But Crikey has received a number of reactions to the various stories on the CBA. One that came in last month looked at what David Murray has created lately in terms of executives, starting with the man slated to be his successor by those still surviving in “Which” Bank.
This person says the head of retail, Hugh Harley has a lot of similarities with Adrian Consenza. Hugh Harley was Murray’s personal assistant. When Hugh was given his first major appointment he personally employed three chief managers to lead up the divisions within the Business Banking side of the business. Within three years two had been marched and one moved sideways yet Hugh moved onto to head up the Retail Division of the bank.
He spent millions on the reboarding exercise “make it happen” then dumped it to revert to the well-worn “which bank”. At this time it became apparent that Hugh Harley had clashed with the then head of marketing Graham Ford over the strategy. Once again Murray’s man survives despite having responsibility for the marketing function.
The one common factor about some of these people Murray supports is that they have very little in the way of people skills, very little experience outside the bank and exhibit a very confrontation management style. Just like Mr Murray himself who knows no other life other than The Bank.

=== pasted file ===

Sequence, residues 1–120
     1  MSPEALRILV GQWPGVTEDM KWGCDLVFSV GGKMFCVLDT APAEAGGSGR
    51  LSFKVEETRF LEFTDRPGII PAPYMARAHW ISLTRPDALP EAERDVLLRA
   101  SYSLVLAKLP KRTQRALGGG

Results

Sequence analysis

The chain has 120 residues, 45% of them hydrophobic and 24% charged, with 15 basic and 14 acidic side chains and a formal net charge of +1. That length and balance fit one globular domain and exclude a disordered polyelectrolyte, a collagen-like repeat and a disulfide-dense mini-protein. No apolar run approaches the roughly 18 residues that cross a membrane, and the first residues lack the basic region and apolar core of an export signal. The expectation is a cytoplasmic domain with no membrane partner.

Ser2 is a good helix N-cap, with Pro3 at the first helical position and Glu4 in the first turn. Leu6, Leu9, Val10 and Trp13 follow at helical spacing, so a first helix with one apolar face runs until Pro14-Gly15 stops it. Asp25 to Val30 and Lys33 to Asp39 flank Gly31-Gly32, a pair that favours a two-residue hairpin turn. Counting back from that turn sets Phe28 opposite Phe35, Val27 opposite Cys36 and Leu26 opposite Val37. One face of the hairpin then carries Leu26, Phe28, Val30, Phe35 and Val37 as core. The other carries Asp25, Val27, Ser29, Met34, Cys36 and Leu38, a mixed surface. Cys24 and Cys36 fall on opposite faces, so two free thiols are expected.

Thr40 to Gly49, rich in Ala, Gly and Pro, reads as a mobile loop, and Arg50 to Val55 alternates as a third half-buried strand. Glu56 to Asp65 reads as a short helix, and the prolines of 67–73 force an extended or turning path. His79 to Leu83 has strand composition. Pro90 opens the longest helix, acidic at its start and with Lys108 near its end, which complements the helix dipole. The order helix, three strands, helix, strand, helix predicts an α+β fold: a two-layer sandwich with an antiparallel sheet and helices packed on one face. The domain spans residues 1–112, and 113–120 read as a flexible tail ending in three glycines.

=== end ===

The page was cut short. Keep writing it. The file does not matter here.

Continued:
The other factor is an unswerving loyalty and obedience to their boss. Some of those who have departed, such as Gail Kelly, Andrew Thorburn and John Mulcahy were more independent-minded (although Mulcahy, being a former engineer, is a more command and control type of person). They were the opposites in terms of their management style and ability to communicate with staff than the Murray template.
During Murray’s last few years staff morale has been badly undermined, at times unwittingly by Murray and his management style. This has helped make the process of rationalisation more hard-nosed than necessary according to some insiders and much tougher for those remaining.
Murray forced many staff onto contracts then capped their superannuation at levels way below their salaries (1995 levels actually, as many of the managers departing in the current wave of retrenchments have found out). He removed the staff magazine, sold off holiday flats, chopped home loan benefits. He even introduced a staff fee for bank cheques. A former colleague tells of having to pay for drinks at a bank dinner.
He contributes nothing to staff Christmas parties yet puts on a large Christmas function for retired staff. None of these cost much or had much relevance but collectively, in a period where morale was weak, they were silly, petty little annoyances that were easy to avoid. But they weren’t, which says a lot of about the man.
Now, according to The Weekend Australian Murray is attempting to reverse some of these attitudes and ease the pain inflicted on the surviving staff.
In the words of Paul Keating, the man who gave Murray his big kick along by starting the privatisation process and signing off on his appointment as CEO, its time to flick the switch to vaudeville for the CBA CEO.
And wasn’t there some nice tap-dancing in The Weekend Australian?